ncurses packages

Brian Dessent
Sun Feb 24 22:08:00 GMT 2008

NightStrike wrote:

> There are various libncurses packages, as well as a package named just
> "ncurses".  What is the difference between these?

Linux package management systems work in the same way.  It's not really
Cygwin or ncurses specific.

A package is split into multiple parts for a number of reasons.  Lets
say you have a package 'foo', that is comprised of some executables as
well as some library component, 'libfoo'.  This then leads to the
following division of packages:

foo - executables, documentation, manpages, readme, etc.
libfoo<n> - libfoo runtime components (DLL) of ABI version <n>
libfoo-devel - files needed by developers that wish to link with libfoo
(headers, static library, import library)

The reason for putting the DLL alone in its own libfoo<n> package is
that other packages that are linked with libfoo can require just that
package instead of all of foo.  For example, I want to install 'bar'
which is some package that is linked to libfoo, but I don't actually
care about libfoo at all, I just want bar to work.  So bar will just
require libfoo5, the DLL of ABI version 5, which allows bar to work
without having to install any other parts of foo or libfoo that aren't

The reason for having the ABI version in the package name is so that
there can exist multiple versions at once.  Without this versioning,
upgrading a library would be hell.  Suppose you have libfoo that is
currently at ABI version 3, and the next release of libfoo adds new
features that are not binary backwards compatible.  If the libfoo
runtime component was just cygfoo.dll without version then there could
only be one instance of it in /usr/bin and in order to provide the new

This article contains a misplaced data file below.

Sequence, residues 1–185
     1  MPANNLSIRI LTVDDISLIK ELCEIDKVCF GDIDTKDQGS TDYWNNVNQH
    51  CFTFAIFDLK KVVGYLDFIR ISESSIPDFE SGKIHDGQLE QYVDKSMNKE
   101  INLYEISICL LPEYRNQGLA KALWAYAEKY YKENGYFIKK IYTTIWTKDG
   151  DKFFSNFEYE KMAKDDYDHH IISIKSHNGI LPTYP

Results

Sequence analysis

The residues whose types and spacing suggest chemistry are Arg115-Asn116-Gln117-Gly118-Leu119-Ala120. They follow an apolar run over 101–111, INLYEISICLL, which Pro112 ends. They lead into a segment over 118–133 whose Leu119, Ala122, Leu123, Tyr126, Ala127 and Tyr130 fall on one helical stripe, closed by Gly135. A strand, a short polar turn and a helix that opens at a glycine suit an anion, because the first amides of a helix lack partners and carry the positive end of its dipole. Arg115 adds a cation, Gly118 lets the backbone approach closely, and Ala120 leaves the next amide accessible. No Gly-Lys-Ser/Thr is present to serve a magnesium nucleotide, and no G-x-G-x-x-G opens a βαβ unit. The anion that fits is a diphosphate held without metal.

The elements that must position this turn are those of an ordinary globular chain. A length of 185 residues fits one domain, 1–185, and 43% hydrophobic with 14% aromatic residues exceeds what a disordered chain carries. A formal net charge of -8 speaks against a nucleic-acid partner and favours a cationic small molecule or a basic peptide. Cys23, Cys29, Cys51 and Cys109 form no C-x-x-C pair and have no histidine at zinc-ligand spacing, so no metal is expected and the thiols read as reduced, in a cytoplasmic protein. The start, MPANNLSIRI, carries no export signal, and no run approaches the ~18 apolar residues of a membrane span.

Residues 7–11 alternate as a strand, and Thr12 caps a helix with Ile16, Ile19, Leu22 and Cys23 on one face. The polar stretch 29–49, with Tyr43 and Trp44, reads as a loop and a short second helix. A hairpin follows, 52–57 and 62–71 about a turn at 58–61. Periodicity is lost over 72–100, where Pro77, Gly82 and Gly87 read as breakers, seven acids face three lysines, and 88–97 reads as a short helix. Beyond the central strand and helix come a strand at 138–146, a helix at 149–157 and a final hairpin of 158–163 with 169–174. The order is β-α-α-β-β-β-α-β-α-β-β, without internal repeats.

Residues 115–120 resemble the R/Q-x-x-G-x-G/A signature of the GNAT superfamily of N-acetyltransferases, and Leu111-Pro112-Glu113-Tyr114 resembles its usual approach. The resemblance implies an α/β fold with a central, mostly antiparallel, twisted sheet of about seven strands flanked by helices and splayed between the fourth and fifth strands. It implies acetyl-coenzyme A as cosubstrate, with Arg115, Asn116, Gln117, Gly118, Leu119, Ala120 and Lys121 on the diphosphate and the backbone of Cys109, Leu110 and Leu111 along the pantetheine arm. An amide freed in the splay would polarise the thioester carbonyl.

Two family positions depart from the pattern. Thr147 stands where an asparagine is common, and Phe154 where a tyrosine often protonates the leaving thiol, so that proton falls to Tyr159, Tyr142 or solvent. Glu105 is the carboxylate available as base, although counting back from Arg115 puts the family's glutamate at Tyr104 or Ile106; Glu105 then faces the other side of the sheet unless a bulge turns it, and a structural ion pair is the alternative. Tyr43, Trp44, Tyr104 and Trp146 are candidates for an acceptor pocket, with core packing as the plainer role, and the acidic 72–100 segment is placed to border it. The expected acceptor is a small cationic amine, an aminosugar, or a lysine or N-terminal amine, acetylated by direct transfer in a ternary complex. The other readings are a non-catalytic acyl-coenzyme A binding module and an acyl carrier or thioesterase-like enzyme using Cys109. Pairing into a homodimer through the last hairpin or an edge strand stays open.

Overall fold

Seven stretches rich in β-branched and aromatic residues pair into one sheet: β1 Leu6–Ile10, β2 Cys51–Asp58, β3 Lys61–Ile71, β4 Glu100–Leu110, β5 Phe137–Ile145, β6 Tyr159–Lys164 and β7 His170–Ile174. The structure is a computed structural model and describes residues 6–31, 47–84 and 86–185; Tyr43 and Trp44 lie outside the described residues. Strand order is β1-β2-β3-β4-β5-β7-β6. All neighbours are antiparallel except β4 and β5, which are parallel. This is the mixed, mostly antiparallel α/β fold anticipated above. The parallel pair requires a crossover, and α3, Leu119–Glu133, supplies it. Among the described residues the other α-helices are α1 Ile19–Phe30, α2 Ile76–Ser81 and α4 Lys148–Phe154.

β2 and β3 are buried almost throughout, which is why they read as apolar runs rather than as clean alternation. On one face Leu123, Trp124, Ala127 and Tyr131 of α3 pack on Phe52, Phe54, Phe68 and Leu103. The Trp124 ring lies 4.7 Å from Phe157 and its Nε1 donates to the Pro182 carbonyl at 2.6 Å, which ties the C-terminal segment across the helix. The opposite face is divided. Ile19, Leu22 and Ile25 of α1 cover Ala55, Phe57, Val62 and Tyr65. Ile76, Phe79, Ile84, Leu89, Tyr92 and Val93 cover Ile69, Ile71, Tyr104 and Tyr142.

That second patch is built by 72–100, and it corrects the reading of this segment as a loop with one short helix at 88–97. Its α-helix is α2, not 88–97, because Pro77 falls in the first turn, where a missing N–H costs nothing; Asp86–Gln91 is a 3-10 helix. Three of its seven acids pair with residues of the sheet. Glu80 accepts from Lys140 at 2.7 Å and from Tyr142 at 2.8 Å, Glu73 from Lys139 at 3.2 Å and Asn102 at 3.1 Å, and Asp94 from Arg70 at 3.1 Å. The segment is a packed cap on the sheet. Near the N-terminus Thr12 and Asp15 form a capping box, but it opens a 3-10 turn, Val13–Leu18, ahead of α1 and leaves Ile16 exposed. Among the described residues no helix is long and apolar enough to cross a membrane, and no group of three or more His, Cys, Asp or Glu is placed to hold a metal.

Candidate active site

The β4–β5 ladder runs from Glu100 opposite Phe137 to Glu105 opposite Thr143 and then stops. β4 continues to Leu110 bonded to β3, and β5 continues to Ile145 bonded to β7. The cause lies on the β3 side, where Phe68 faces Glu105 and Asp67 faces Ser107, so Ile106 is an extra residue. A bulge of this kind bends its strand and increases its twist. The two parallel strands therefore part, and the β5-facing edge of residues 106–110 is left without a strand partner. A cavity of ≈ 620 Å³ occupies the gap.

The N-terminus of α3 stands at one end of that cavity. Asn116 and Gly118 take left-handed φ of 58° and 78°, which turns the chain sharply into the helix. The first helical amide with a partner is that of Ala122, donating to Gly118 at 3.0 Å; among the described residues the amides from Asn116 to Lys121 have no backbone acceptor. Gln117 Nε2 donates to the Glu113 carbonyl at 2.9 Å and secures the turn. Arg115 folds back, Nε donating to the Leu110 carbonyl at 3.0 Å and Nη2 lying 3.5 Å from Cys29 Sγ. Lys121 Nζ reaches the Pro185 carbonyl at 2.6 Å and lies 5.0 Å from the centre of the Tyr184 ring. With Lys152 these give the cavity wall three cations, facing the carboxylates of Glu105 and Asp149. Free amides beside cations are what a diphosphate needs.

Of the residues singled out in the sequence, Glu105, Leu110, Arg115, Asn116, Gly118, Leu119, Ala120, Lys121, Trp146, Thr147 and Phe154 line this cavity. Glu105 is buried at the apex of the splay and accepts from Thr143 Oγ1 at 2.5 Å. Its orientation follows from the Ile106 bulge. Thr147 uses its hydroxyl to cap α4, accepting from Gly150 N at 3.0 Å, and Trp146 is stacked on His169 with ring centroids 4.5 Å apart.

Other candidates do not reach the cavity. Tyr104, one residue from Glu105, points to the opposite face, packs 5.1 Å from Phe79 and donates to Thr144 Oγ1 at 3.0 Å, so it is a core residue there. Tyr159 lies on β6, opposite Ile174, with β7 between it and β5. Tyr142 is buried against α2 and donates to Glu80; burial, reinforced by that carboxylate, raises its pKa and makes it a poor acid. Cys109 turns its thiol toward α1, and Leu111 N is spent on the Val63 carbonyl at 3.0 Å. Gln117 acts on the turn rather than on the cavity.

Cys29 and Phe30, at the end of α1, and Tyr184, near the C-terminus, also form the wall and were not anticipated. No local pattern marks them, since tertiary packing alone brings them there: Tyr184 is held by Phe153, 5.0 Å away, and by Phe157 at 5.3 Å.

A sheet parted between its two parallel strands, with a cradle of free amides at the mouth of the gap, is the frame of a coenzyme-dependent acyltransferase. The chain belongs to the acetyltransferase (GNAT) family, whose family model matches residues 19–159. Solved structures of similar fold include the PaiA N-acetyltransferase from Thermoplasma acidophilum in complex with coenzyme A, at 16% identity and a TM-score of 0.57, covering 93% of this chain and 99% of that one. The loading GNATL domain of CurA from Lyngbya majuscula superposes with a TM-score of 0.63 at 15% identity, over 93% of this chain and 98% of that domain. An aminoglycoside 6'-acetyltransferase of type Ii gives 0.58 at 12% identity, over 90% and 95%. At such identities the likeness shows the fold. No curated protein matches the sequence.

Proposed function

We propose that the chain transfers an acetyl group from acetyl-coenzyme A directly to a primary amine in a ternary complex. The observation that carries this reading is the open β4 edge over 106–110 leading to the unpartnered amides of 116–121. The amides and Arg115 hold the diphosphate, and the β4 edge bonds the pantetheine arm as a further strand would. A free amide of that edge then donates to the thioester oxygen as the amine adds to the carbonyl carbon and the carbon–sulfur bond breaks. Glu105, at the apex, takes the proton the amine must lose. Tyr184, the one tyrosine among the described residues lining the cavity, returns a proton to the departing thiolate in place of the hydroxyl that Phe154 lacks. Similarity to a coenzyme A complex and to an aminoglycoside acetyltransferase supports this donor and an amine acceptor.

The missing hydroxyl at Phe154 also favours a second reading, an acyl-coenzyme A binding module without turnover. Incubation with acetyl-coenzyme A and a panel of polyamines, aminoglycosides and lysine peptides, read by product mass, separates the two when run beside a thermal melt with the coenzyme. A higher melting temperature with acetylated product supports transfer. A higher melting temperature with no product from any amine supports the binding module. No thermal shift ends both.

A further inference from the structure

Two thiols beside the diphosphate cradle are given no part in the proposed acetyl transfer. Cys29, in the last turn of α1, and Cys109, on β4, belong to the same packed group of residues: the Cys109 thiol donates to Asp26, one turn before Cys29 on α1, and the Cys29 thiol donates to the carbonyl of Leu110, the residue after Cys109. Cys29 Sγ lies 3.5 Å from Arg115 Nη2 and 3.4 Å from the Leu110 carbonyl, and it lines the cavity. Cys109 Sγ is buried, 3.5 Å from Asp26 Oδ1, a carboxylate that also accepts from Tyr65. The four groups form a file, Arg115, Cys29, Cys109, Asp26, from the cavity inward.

libfoo ABI 4, all packages that use libfoo would have to be recompiled
and updated at exactly the same time as libfoo.  It is unrealistic to
think that these kind of flag days can happen with any reasonably large
co-operative of volunteers, so instead all the packages that were linked
to libfoo3 continue to be linked to libfoo3, and the new libfoo4 is also
added to the distro.  Any packages that are consumers of libfoo will
eventually relink to v4 (and change their package dependencies
accordingly) because the import library in libfoo-devel always links to
the latest ABI version.  Eventually when all libfoo clients have been
updated, the now unused libfoo3 package can be removed from the distro,
but for some libraries that are used widely this never really happens
and so you see all these various versions hanging around.

Finally, the reason for splitting the headers, static library, and
import library into their own -devel package is because they are not
needed by normal users of foo or libfoo, only developers that want to
compile and link code that uses libfoo.  It's a space saving


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